Ask Amy

Thursday, September 10, 2009 at 11:45pm

DEAR AMY: I'm a 15-year-old girl with a predicament. One of my closest friends, "Laura," is sexually active.

I think she has been practicing safe sex, but I'm not sure. She hasn't made her mother aware of this part of her life.

Normally I would just step back and keep in mind that it's Laura's life. I can't make decisions for her, and it's certainly not my place to inform her mom, but Laura's mom, "Betsy," is also a friend (not to be confused with a mother figure).

Betsy is very open with me and more than once she has said things like, "I'm so glad that Laura hasn't had sex." As Betsy's friend, I feel as if I should say something, but as Laura's friend I feel that I should keep my mouth shut.

I really don't want to ruin my friendship with Laura, but her mom needs to know about this. How should I handle this?

— Conflicted Friend

DEAR CONFLICTED: You strike me as a preternaturally grown-up 15-year-old, so my first suggestion is that after tackling this issue you should join the field hockey team at school.

You really should have the opportunity to be a kid.

Tell the mother that "Laura" is sexually active.

I can only hope that this mother chooses to be a mom rather than a best friend and cares enough to get involved in her daughter's life to make sure she is making safe and healthy choices.

Laura will feel as if she has been "busted," and she might be angry with you, but this will last for about 4-1/2 days, or until she needs you for something, whichever comes first. You are being the best kind of friend there is.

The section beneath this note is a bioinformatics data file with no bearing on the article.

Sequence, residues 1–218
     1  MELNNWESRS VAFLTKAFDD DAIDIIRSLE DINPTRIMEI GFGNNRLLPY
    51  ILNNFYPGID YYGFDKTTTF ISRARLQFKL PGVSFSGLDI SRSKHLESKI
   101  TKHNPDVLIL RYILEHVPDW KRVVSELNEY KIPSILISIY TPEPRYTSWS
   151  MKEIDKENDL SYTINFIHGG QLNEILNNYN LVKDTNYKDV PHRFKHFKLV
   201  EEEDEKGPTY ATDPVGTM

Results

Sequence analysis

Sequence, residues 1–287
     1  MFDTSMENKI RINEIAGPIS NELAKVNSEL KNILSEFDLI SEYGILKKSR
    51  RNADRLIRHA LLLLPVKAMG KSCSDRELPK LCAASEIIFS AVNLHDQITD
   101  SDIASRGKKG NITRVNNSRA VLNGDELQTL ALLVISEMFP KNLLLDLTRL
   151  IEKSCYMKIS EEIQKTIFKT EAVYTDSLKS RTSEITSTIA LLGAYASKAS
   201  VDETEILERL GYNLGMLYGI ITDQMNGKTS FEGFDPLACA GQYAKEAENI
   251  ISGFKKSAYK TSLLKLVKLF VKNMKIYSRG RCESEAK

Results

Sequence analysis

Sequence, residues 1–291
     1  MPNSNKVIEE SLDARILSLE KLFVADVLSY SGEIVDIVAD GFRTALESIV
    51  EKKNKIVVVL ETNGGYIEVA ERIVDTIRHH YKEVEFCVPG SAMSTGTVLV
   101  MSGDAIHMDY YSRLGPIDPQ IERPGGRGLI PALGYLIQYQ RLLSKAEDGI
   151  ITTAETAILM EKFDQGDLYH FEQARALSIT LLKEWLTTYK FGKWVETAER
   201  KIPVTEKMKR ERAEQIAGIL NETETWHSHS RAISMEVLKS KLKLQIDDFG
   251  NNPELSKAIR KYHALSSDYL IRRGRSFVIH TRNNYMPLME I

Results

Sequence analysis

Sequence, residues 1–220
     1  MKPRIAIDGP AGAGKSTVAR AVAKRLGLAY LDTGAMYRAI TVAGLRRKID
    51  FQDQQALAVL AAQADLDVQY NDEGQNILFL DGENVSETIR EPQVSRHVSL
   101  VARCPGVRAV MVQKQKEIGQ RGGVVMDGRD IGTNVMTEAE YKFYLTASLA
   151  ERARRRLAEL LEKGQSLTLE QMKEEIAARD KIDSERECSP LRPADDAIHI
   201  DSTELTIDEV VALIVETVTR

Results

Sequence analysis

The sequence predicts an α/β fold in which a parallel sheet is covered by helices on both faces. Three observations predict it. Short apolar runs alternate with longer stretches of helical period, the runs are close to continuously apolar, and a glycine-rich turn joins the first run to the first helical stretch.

I give you credit for seeing this behavior as risky and for wanting to do something about it. Good for you.


DEAR AMY:
My best friend loves sushi and has hosted several sushi parties at her home. Because of the cost, she has asked her guests to contribute money on each occasion.

These events are always "all you can eat," but each time she hosts a party the cost goes up.

The first time it was $10 a guest, but then the sushi was purchased at a more upscale restaurant, so it cost $20.

At the last party, she had a professional chef come to her house and make the sushi, and the cost was $40.

At each party, I declined to take part in the sushi eating and simply ate whatever free snacks were available.

As the parties progressed, there was less and less other food available, and at the last party there was one plate of chips and dip.

I have always been taught that it is rude to charge people for food at parties and that if you cannot afford a certain food, you should serve something cheaper.

What are your thoughts?

— Offended

DEAR OFFENDED: I agree that it seems strange to charge people to be guests at your home, but rather than attend these parties, decline to pay the fee other guests pay and hang out by the chips bowl, perhaps you shouldn't attend.

Alternatively, you could bring a dish that you and other guests could eat at a heavily discounted rate — or, yes, for free.

It sounds as if your friend could be running these parties as a business, charging people for sushi and pocketing the profit.

If you are offended by or can't afford these gatherings, then you shouldn't go.


DEAR AMY: I am responding to the letter from "Concerned Mother," who didn't want strangers to touch her baby.

As a child-development specialist, I am also drawn to babies and toddlers.

When people want to touch her baby, I'd advise the mom to say, "Thank you for noticing, we think she's wonderful too. But please look, don't touch."

If the person is persistent, walk or push the cart the other way or say, "Babies are fragile; please don't touch. We prefer folks to wash their hands and ask permission before handling our baby."

The young mom is not rude. She is empowered to protect and advocate for her child.

— Deb

DEAR DEB: I agree that the mother's job is to be the primary gatekeeper for her baby.


Send questions via e-mail to askamy@tribune.com

Filed under: Lifestyles